def prime_finder(n):
prime = []
num_list = []
for num in range(2, n + 1):
for x in range(1, num + 1):
if str(num / x)[-2:] == '.0':
num_list.append(x)
if len(num_list) == 2:
prime.append(num)
num_list = []
return prime
print(prime_finder(11))

I was nervous to post my code to the forum because I assumed that my answer was going to be overly complicated compared to others but it looks very similar to most of them!

I realize now I could’ve just used modulus to find the whole numbers from the division but oh well, this way is a tad bit different than most.

Thanks for highlighting the discrepancies in the prime_finder function and sharing your valuable insights. I’ll definitely investigate and work on finding an improved solution.

def prime_finder(n):
# Write your code here
prime_list = []
for i in range(2,n+1):
# if i == 2:
# prime_list.append(2)
# else:
# for j in range(2,n):
# if i % j == 0:
# break
# else:
# if j == i - 1:
# prime_list.append(i)
# return prime_list
flag = 0
for j in range(1, i+1):
if i % j == 0:
flag += 1
if flag == 2:
prime_list.append(i)
return prime_list
print(prime_finder(11))

def prime_finder(n):
nums = [i for i in range(1, n+1)]
primes = []
for num in nums[1:]:
counter = 0
for i in nums:
if num % i == 0:
counter += 1
if counter == 2:
primes.append(num)
return primes

I used a pretty simple solution. Considering I never want 1 or 0 in my finished list, I just started the counter at 2. I used two for loops giving me a time complexity of n^2 that can probably be streamlined a bit. My code runs each number separately and if it is ever evenly divisible by j (2 through that number minus one) it trips a flag and calls it true, which then doesn’t allow it to be added to the primes list.

def prime_finder(n):
primes = [];
for i in range(2, n+1):
flag = False;
for j in range(2, i):
if i % j == 0:
flag = True
if flag == False:
primes.append(i)
return primes
print(prime_finder(11))

This took me quite some time. My approach was as follows:

def prime_finder(n):
answer=[i for i in range(2,n+1) if is_prime(i)]
return answer
def is_prime(x):
for l in range(2,x):
if x==l:
continue
elif x%l==0:
return False
else:
continue
return True
print(prime_finder(11))

Following is a version of a solution for the prime finder challenge:

def find_primes(num):
# Create the list of numbers to check
primes = []
for n in range(2, num + 1):
# Check the number in the prime list
is_prime = True
for i in range(2, int(n**0.5) + 1):
if n % i == 0:
is_prime = False
break
if is_prime:
primes.append(n)
return primes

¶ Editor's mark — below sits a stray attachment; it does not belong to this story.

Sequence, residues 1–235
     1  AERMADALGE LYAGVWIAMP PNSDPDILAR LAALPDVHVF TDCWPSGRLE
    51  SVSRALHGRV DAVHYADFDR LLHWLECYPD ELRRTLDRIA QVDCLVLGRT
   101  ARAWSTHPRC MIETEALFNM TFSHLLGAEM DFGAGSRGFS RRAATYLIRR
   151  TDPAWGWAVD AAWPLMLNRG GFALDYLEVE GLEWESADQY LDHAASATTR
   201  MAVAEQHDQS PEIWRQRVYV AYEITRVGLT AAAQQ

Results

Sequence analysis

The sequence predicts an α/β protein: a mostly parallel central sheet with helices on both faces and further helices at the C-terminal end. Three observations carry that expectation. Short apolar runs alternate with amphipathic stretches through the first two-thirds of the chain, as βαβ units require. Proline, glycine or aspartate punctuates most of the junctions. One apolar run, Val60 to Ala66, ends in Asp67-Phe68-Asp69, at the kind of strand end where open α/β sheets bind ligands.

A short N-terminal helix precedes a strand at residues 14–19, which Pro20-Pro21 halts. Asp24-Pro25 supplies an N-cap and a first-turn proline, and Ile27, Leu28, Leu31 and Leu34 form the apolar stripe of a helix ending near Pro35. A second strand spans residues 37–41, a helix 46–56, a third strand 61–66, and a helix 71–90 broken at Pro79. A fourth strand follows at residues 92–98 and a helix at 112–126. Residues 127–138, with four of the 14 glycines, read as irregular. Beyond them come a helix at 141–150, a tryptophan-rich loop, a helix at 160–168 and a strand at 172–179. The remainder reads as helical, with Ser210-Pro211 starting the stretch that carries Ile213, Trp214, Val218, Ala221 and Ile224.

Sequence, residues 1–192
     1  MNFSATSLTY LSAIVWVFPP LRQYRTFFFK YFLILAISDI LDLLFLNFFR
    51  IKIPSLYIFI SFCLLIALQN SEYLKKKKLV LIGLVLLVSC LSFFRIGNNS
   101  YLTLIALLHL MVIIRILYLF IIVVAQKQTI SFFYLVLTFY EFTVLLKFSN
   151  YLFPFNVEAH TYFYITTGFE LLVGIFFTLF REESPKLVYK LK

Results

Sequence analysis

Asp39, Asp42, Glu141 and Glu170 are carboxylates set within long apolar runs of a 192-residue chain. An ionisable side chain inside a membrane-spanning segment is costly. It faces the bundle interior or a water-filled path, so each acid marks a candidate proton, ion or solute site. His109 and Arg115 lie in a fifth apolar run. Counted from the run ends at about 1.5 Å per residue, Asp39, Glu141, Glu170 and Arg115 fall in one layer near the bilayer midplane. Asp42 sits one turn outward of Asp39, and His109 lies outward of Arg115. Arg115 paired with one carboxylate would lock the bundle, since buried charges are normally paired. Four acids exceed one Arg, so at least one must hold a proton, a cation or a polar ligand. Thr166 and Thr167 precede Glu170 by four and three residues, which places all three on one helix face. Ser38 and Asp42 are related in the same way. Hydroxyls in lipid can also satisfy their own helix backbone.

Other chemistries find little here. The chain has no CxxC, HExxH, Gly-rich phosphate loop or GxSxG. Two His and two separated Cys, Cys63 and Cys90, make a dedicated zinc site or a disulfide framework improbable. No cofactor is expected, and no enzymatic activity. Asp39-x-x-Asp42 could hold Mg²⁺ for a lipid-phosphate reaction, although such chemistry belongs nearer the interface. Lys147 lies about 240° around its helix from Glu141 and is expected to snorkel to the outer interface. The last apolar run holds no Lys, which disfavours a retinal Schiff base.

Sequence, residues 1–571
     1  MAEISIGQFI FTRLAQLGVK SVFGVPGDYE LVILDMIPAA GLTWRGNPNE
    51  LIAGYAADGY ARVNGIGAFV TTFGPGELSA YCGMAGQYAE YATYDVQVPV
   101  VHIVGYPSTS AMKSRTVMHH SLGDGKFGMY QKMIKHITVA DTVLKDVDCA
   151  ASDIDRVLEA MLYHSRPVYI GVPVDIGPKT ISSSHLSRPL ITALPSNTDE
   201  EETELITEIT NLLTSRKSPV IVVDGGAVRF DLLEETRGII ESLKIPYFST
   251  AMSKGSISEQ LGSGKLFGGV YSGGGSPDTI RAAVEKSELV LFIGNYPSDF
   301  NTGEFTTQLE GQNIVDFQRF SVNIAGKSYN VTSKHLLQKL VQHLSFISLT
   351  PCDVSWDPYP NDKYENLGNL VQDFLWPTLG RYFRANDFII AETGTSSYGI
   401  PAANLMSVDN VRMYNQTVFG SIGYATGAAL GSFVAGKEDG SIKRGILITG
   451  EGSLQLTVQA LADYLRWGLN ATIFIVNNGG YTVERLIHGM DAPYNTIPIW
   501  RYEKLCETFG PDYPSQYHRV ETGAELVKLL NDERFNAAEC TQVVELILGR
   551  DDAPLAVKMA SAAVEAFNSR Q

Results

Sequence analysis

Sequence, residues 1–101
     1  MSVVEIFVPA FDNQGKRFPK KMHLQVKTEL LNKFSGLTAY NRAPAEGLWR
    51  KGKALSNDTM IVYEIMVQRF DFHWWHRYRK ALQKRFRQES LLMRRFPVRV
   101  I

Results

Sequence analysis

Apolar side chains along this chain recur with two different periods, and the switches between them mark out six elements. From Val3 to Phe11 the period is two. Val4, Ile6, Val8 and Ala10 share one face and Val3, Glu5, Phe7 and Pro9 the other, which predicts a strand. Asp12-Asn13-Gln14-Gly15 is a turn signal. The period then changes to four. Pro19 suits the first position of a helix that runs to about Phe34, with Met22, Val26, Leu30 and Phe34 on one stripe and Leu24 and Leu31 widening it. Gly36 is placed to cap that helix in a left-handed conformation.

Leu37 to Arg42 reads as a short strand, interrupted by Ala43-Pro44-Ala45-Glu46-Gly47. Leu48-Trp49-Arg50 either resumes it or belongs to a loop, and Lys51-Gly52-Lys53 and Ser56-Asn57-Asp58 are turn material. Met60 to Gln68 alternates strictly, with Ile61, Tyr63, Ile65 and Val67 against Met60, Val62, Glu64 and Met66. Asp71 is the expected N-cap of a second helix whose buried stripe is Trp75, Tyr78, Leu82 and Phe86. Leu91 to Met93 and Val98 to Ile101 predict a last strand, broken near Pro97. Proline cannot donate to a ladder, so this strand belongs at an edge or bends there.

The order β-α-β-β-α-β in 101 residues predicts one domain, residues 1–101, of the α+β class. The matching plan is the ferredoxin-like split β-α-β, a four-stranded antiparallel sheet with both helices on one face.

print(find_primes(11))

def prime_finder(n):
# Write your code here
lst = [] # Empty list to hold the prime numbers
for i in range(2, (n + 1)): # Loop through the number. It is inclusive say 11
# print(i, end=" ")
# Output
# 2 3 4 5 6 7 8 9 10 11
# Loop through 2 3 4 5 6 7 8 9 10 11
for j in range(2, i): # i is the input number for inner loop from the outer loop
if i % j == 0:
# Not prime number
# Do nothing
break
else:
# Prime number
lst.append(i)
return lst
print(prime_finder(11))

def prime_finder(n):
prime_numbers = []
for i in range(2, n+1):
if [j for j in range(2, i) if i%j == 0] == []:
prime_numbers.append(i)
return prime_numbers
print(prime_finder(11))

hello guys, this is mine solution of this challenge:

def prime_finder(n):
primes = list(range(2, n+1))
for x in range(1, n+1):
for num in range(2, x):
if x!=2 and x%num == 0:
primes.remove(x)
break
return primes
print(prime_finder(11))

start by iterating through numbers to find what is divisible by one and itself

for numbers in list_of_numbers:
if numbers == 0 or numbers == 1:
continue
if numbers > 2 and numbers%2 == 0 :
continue #print(numbers)
if numbers > 3 and numbers%3 == 0 :
continue
if numbers > 5 and numbers%5 == 0:
continue
if numbers > 7 and numbers%7 == 0:
continue
if numbers > 11 and numbers%11 == 0:
continue
prime_numbers.append(numbers)
return prime_numbers

Hi, This was my first challenge and I created this code.

def prime_finder(n):

Write your code here

prime_numbers =
for i in range(2, n + 1):
x = 2
prime_bool = True
while(prime_bool == True and x < i):
if i % x == 0:
prime_bool = False
x += 1
if prime_bool == True:
prime_numbers.append(x)
return prime_numbers

remove all numbers that are divisible by any number between (excluding) 1 and itself

def prime_finder(n):
listOfPrimes = list(range(2,n+1))
for potentialPrime in range(2,n+1):
for divider in range(2, potentialPrime):
if potentialPrime % divider == 0:
listOfPrimes.remove(potentialPrime)
break
return listOfPrimes

unfortunately you can’t simply you the same list for the for loop. It skips some numbers, because IMHO the .remove is probably messing with the iterator. ↩︎

def prime_finder(n):
# Write your code here
new_list = []
for number in range(2, n+1):
pieces = 0
for i in range(1, number+1):
if number % i == 0: pieces +=1
if pieces == 2:
new_list.append(number)
return new_list
print(prime_finder(1000))

Here’s my solution (hard-coded empty lists for any number below 2, then a conditional comprehension within a comprehension to handle the prime-checking: if any int smaller than the current number but larger than 1 can divide evenly into it- i.e., modulo equals 0, which is false-y, then it is not prime):

def prime_finder(n):
if n < 2:
return []
else:
return [
x for x in range(2, n+1)
if all([x % i for i in range(x-1, 1, -1)])
]

I’m not very good at recursion and this problem is always my goto to refresh myself how to implement it

def prime_finder(n):
# Write your code here
primes = []
candidates = range(2, n+1)
count = n
for candidate in candidates:
if (prime(candidate)):
primes.append(candidate)
return primes
def prime(n, i=2):
if n == i:
return True
elif n % i == 0:
return False
return prime(n, i + 1)
print(prime_finder(11))